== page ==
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The Worst Part Of My Trip Was His Best

May 17, 2016

Each step was agony. And it didn’t have to be this way. I mean, we planned better than this. Here I was literally stomping steps in the snow as my knees complained with each step. And yet, I shouldn’t have to do this.

We’d summited Mt Baldy with a group of 6 Boy Scouts and one Cub Scout after about a three hour hike. 


The trail back to our gear descended along the north face. In North America the north face is the last to lose it’s snow. And there was still plenty of snow. We’d hiked through some of it on the trail on the way up. But, we had another idea for the trip down. 

You know, Rodney, you could ski down this mountain and cut a good hour off our return trip.

You have a funny definition of the word ‘you.’

The other leader was an accomplished skier. I’ve been skiing twice. Mostly so that I didn’t have to tell people I lived in Utah and never went skiing. 

No, it’s easy. You sort of set your feet and ski/slide down the snow. I can give my two boys permission to do it. And you could give your two sons permission. But, we’d need to ask the rest of the boys.

When we explained it to them, the boys’ reaction ranged from enthusiastic to guarded agreement. The process is pretty simple. It’s sort of like running and sliding on the ice. Only you are going down hill, around trees, in the snow. 


For the first 75 yards the boys had a great time. At that point a couple of them decided they were done. The problem is that there was literally no where for them to go other than down. The trail was 75 yards up a very steep slide covered with snow. 

It was at this point that our entire adventure changed. Several boys darted ahead with the other leader. But, a group of three hung back and tried to gingerly pick their way down the slope through the trees and the brush on the side of the snow field. We were probably about a half mile above where we would intersect with the trail. The boys were going to have to push through until we got out of the snow and trees. 

Now what?

Our quick shortcut had just turned into a much longer delay. No matter how much we encouraged them, the boys were not interested in sliding on the snow any more. Their hands were quickly torn up by the rough bark and sticks in the underbrush. 

My solution was to create a stairway for them. I walked out to the middle of the snowpack, where the sun had melted the top layer and began stomping steps. 

Just follow me, boys. Walk in my footsteps. Go slow and you’ll make it down just fine. 

I’ve had aching knees since I was a teenager. A years long bout of steroids to treat Crohns when I was 14 had left me with little cartilidge between the bones. I knew the hike was going to be painful, but this side trip was brutal. 

Stomp, stomp.

The snow was soft enough to break through, but I really had to dig my heal in to create an effective step. 

Stomp, stomp.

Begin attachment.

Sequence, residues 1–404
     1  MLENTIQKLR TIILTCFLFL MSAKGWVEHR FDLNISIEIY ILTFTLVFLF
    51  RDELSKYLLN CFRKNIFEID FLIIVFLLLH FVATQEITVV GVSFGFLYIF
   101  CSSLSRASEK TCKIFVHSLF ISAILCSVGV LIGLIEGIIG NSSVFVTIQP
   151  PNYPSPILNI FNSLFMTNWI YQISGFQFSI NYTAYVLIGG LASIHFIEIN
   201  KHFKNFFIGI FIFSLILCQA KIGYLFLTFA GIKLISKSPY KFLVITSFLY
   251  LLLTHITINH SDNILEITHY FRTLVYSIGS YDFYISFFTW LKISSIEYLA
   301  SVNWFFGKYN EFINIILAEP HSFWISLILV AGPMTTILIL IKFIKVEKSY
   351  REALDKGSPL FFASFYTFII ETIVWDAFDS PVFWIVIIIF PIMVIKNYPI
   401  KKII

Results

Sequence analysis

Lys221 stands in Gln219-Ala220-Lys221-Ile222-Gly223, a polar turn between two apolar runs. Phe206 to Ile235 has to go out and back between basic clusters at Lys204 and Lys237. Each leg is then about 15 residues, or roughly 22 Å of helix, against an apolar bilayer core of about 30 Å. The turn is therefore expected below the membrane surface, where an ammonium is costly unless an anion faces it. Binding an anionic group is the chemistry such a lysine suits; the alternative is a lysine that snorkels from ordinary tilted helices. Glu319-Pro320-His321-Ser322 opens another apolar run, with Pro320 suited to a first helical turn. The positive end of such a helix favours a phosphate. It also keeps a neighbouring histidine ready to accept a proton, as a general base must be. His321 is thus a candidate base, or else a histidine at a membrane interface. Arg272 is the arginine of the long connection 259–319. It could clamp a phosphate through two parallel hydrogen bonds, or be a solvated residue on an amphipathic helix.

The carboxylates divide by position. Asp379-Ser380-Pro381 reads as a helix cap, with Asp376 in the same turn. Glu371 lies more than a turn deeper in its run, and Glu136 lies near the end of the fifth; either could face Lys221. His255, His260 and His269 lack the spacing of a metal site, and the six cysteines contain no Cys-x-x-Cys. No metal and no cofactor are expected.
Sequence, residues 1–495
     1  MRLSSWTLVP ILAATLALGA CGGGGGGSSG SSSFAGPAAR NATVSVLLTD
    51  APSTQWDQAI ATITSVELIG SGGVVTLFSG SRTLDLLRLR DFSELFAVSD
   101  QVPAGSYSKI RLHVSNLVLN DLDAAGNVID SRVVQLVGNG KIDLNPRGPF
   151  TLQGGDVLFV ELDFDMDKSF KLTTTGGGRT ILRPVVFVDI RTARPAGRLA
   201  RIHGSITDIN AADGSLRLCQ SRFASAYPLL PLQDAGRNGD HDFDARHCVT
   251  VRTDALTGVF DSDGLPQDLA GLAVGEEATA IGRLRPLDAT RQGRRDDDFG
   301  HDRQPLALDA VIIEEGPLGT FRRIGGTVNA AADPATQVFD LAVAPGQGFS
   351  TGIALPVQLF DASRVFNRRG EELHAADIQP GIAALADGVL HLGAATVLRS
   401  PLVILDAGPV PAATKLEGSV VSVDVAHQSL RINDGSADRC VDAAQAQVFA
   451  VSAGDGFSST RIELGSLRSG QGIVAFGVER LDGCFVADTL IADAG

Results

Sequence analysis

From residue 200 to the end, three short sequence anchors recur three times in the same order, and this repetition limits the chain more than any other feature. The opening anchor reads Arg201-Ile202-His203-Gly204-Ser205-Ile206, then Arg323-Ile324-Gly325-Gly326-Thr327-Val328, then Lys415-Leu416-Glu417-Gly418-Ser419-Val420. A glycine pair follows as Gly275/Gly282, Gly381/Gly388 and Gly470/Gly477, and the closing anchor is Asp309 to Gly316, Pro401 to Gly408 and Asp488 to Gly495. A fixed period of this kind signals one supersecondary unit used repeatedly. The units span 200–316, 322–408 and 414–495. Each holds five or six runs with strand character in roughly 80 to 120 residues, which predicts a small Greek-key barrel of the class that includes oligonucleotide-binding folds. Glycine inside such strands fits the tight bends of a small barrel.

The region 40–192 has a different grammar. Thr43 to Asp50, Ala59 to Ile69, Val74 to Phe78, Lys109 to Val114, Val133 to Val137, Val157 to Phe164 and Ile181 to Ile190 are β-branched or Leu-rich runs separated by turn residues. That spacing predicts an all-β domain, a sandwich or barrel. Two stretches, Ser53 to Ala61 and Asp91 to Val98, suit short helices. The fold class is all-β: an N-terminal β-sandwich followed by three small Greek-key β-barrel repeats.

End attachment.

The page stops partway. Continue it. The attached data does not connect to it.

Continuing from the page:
Knowing the boys were following, I intentionally made the steps close together. No more than six inches from the toe of one step to the heal of the next. 

Stomp, stomp.

I use a walking stick to take some of the load off my knees. However, I’d surrendered it to one of the boys to help him navigate the slipperly slope. 

Stomp, stomp.

Stomp, stomp.

The other boys were far ahead of us. Occasionally, I’d catch glimpses of them through the trees, or hear them laughing as one of them slipped and crashed into his friend. Meanwhile, I continued my slow, painful trudge down the mountain. 

I love working with scouts, but I was really struggling to remember that, as I built my snowy staircase down the mountain. Eventually, we saw the trail below us. I stomped my way to the edge of the snow.

I think you boys can get there through the trees from here.

I was beat. We still had five miles to get back to the trailhead at the mouth of Battle Creek canyon. I hobbled my way down. I’d retrieved my walking stick and used it as a crutch to lever myself down the rocky trail. 


It really was a wonderful trip. The weather, so terrible the last two years was gorgeous. The boys, several of whom were not sure they could go on at times, all made it to the top of the mountain and back down. Teaching a 12 year old that he can do hard things is always rewarding. 

The only negative experience for me was the trip through the snow. I enjoyed skiing down the first run. It would have been a blast to “ski” down the mountain instead of plodding along six inches at a time, while thrashing my knees. But, you can’t have everything, right? Take the good with the bad and all that.

The next day I saw most of the boys at church. Our troop is associated with our church group. The boys were walking a little stiff. One of the mom’s came up to thank me for taking her son hiking. He was one whom I had really encouraged to push for the summit, promising him that it would be worth it. 

Gerry had a great time.  He wanted me to let you know that the best part of the trip for him was when he was following along in your footsteps in the snow. He really appreciated that. 

Suddenly my knees felt a whole lot better. 

Rodney M Bliss is an author, columnist and IT Consultant. His blog updates every weekday at 7:00 AM Mountain Time. He lives in Pleasant Grove, UT with his lovely wife, thirteen children and grandchildren. 

Follow him on
Twitter (@rodneymbliss
Facebook (www.facebook.com/rbliss
LinkedIn (www.LinkedIn.com/in/rbliss)
or email him at rbliss at msn dot com

(c) 2016 Rodney M Bliss, all rights reserved 

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